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Every other living beings are created for humans. But, there are thousands of species in earth and humans consume 0.1% (a very small percentage)of these species. Why? Also there are so many food chains in which humans are not a part, why is it so? Why some animals kill some others, how can they kill other ones as they have no right to do it? How can these facts be explained based on Bible?

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closed as unclear what you're asking by wax eagle Aug 19 '13 at 20:05

Please clarify your specific problem or add additional details to highlight exactly what you need. As it's currently written, it’s hard to tell exactly what you're asking. See the How to Ask page for help clarifying this question.If this question can be reworded to fit the rules in the help center, please edit the question.

I find this a bit of a strange question. Simply because humans don't eat an animal (or eat an animal that eats the other animal, etc) doesn't mean that the animal does nothing useful for us... – Mason Wheeler Aug 19 '13 at 19:36
up vote 3 down vote accepted

Good question Arun, According to many individuals take on the Bible, it would be perfectly fine to eat humans. However the Bible says

"Now the Spirit expressly says that in latter times some will depart from the faith, giving heed to deceiving spirits and doctrines of demons, speaking lies in hypocrisy, having their own conscience seared with a hot iron, forbidding to marry, and commanding to abstain from foods which God created to be received with thanksgiving by those who believe and know the truth. For every creature of God is good, and nothing is to be refused if it is received with thanksgiving; 5 for it is sanctified by the word of God and prayer" (1 Timothy 4:1-5)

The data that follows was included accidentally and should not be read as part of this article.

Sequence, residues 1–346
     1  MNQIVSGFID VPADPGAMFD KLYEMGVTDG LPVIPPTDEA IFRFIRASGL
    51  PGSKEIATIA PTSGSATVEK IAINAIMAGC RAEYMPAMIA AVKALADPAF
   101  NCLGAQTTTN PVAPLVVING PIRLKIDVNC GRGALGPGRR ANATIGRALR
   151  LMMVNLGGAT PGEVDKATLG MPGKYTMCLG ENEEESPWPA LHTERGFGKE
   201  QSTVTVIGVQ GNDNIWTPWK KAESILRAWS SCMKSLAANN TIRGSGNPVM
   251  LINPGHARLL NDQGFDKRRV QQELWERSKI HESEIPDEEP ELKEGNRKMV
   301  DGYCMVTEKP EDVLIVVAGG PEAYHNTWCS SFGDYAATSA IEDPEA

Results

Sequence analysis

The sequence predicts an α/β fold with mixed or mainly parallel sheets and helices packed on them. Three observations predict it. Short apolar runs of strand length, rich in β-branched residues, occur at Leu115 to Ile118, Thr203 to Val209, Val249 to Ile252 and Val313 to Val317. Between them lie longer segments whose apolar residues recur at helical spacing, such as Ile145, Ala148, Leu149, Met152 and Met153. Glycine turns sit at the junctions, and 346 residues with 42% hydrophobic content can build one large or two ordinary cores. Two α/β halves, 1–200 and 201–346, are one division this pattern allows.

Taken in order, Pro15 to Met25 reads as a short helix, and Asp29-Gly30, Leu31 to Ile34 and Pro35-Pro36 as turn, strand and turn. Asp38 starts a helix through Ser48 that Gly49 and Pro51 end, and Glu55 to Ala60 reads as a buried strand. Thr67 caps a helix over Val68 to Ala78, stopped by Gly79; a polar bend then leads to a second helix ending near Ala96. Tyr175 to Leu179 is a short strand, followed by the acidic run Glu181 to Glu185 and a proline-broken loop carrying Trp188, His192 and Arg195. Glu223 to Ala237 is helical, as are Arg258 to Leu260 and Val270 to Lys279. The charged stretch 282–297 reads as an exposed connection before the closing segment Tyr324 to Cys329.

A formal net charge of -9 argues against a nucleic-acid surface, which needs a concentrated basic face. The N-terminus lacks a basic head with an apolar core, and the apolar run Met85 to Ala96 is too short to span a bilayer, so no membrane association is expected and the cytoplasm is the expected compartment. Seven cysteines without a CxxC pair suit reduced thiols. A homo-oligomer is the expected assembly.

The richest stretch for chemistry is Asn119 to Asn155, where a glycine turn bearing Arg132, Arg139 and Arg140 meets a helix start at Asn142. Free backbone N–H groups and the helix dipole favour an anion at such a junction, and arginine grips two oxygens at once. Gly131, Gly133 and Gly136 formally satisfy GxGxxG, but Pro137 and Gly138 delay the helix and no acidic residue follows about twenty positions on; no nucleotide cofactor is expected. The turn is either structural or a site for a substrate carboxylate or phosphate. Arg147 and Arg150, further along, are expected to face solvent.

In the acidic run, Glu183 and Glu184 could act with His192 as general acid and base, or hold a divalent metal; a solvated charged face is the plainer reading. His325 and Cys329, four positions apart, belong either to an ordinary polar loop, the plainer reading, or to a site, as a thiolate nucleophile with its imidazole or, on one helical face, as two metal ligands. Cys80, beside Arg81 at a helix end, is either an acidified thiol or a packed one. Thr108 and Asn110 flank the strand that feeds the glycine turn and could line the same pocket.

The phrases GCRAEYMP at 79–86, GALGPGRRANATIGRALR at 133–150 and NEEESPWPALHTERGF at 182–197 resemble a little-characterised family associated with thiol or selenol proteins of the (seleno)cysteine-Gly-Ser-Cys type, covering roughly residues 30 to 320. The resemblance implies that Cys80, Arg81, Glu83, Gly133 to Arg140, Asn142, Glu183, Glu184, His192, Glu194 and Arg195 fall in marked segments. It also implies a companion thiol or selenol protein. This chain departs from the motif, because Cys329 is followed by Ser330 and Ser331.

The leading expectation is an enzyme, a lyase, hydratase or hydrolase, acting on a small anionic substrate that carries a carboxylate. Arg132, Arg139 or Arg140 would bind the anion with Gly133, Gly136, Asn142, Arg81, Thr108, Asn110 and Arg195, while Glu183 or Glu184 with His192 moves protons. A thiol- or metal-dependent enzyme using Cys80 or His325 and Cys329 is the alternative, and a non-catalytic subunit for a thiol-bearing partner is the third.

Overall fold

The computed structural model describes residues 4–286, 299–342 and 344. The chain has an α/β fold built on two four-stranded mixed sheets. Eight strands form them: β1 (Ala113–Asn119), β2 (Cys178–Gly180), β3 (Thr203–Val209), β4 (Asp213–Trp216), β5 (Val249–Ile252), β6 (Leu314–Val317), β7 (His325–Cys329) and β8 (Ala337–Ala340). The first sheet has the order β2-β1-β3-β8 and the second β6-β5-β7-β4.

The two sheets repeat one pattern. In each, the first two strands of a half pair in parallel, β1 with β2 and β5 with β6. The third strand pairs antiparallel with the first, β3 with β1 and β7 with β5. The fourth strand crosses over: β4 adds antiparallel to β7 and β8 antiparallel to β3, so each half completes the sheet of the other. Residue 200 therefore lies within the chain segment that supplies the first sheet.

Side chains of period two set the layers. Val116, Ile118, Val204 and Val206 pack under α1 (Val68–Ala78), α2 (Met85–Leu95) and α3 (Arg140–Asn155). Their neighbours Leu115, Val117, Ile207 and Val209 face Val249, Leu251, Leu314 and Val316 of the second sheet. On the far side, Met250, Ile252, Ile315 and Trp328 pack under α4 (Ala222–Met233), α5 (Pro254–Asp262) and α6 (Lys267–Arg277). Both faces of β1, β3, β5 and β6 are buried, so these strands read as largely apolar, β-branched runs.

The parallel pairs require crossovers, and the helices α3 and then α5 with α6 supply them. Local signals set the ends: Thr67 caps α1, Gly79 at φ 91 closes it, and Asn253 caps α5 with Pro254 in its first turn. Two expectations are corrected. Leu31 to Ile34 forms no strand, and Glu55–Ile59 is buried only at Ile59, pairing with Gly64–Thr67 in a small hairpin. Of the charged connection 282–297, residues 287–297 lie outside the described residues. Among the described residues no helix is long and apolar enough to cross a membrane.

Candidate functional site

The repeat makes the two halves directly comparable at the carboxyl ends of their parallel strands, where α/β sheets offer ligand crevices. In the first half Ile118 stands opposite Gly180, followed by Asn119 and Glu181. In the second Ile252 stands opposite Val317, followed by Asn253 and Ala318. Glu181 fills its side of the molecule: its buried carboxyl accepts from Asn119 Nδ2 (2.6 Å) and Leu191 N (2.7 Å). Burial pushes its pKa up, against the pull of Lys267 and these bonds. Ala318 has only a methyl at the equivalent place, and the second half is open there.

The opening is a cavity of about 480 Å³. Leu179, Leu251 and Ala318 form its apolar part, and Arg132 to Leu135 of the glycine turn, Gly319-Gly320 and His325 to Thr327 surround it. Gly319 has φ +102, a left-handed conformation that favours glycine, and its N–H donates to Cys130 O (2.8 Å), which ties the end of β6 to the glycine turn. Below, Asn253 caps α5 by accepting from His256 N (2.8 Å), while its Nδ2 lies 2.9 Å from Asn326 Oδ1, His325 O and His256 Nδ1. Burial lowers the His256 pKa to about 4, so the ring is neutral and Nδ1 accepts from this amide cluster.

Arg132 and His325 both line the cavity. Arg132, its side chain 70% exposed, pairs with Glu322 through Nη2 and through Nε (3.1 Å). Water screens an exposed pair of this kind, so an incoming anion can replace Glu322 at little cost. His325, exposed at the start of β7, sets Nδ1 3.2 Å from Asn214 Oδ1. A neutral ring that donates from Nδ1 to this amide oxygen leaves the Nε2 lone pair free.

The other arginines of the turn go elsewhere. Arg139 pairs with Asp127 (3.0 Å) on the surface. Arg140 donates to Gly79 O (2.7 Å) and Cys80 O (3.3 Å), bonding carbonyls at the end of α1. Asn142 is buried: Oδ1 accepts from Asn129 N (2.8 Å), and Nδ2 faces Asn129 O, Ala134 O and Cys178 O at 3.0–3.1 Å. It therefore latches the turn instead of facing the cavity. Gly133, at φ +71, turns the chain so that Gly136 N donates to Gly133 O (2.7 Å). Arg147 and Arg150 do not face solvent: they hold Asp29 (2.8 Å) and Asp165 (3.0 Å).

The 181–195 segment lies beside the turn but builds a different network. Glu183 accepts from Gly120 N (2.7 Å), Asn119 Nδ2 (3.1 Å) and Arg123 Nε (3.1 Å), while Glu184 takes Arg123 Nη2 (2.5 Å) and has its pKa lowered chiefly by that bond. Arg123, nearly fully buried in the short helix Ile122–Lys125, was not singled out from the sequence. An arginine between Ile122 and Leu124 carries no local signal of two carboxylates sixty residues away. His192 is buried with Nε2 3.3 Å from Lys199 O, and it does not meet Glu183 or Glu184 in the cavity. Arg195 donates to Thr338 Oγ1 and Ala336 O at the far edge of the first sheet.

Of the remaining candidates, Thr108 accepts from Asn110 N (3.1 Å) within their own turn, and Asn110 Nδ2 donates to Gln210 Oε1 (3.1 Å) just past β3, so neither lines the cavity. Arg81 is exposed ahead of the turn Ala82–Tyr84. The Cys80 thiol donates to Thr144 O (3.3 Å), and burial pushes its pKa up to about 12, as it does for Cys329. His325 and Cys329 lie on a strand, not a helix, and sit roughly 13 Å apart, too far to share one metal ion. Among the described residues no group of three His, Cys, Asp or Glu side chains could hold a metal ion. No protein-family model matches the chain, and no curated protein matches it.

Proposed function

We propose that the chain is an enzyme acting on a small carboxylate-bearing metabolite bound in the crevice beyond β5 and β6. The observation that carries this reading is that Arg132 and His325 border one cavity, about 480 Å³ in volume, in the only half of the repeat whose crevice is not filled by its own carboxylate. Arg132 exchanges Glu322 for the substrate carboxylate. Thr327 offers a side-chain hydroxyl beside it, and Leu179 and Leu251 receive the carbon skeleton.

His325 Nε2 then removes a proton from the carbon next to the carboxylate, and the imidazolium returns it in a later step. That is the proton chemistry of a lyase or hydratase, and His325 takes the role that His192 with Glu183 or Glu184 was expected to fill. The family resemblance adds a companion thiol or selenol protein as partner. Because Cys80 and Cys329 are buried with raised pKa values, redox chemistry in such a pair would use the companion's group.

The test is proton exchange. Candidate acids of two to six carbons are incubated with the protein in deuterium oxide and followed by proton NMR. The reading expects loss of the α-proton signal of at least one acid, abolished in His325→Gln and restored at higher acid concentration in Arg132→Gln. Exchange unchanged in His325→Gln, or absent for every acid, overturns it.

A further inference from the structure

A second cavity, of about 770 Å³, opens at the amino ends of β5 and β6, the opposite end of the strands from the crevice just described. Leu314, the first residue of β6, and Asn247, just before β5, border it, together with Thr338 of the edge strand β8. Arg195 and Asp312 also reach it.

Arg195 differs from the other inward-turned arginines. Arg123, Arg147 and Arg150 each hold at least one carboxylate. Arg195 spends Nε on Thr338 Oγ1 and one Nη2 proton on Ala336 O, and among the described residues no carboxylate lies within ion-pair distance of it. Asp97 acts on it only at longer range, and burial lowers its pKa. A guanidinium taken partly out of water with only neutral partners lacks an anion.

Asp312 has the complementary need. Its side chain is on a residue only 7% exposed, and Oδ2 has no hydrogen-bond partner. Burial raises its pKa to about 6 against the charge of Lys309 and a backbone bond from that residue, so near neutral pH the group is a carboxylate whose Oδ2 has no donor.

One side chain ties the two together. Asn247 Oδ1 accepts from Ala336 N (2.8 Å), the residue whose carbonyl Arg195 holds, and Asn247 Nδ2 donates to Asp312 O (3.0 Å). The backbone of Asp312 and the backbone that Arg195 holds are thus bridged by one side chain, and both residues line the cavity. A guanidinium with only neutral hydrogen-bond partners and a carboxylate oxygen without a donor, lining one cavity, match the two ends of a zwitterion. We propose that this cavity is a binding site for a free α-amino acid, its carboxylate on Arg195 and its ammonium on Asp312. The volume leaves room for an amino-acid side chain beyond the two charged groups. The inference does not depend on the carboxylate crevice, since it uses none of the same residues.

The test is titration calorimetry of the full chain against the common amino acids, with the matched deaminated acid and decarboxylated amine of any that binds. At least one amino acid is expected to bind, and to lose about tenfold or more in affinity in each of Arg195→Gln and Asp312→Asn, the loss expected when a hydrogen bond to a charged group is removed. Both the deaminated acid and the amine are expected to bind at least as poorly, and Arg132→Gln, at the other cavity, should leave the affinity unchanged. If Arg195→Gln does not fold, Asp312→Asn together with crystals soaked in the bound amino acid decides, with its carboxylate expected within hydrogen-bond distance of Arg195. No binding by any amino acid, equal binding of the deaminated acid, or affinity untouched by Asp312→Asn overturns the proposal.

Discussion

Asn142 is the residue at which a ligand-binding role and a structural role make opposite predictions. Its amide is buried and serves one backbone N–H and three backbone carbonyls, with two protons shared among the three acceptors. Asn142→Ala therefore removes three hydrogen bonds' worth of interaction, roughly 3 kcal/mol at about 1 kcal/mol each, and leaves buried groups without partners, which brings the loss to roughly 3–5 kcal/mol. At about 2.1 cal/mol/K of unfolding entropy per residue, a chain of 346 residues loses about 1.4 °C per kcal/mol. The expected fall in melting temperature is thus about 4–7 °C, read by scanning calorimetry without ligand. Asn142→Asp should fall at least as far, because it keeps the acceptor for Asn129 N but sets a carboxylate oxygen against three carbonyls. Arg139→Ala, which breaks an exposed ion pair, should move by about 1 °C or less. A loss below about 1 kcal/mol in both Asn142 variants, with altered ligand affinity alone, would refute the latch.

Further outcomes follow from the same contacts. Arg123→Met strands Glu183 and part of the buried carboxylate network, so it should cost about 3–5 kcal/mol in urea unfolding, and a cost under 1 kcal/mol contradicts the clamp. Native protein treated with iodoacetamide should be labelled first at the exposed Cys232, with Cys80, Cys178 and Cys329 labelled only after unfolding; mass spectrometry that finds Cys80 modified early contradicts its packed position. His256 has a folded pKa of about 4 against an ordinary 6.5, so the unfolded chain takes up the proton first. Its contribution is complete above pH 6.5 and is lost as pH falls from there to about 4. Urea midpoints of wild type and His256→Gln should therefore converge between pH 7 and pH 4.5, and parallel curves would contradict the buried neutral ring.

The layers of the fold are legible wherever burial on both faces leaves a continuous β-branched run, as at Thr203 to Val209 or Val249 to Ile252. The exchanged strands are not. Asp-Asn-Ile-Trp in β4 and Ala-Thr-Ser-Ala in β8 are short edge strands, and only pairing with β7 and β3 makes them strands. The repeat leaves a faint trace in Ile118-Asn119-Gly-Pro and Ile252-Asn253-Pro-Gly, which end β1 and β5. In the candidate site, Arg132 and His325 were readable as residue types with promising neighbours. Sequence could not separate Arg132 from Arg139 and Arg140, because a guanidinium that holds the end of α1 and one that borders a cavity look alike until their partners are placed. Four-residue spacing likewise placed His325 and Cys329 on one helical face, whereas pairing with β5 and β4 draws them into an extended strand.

Many individuals think this passage means we can eat anything under the sun, including humans. But notice verse 5 which tells us the conditions of what we can and cannot eat. It must be

  1. Sanctified by prayer
  2. Sanctified (declared as holy or clean) by the word of God

Thus based on item 2 it must meet the test of the Bible first, the Bible says...

"These are the animals which you may eat among all the animals that are on the earth: Among the animals, whatever divides the hoof, having cloven hooves and chewing the cud—that you may eat. Nevertheless these you shall not eat among those that chew the cud or those that have cloven hooves: the camel, because it chews the cud but does not have cloven hooves, is unclean to you" (Leviticus 11:2-4)

Since humans neither chew the cud nor have a divided hoof that makes us unclean and God says we shall not eat other humans. Leviticus 11 also applied to non-Jews like Noah see Genesis 7:1-2, so we know this law in Leviticus is not just for Jews). A full study on this is here -

In fact I highly recommend the whole series of study guides -

Hope that helps!

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Not everything needs to be edible in order to be useful. Jesus entered Jerusalem on the back of a donkey, who was undoubtedly a useful animal - but donkeys are not kosher (just like horses, camels, and so forth). Modern ecology also shows us that other species have their uses in the environment as a whole, even if we humans do not interact with them directly. Scripture is clear that even the most insignificant of creatures has its place in God's plan, and he cares for each of them: Matthew 6:25ff is a good New Testament example of this theme, but the prophets and the wisdom literature are also full of praise for God's mastery of the universe (Psalm 104, say).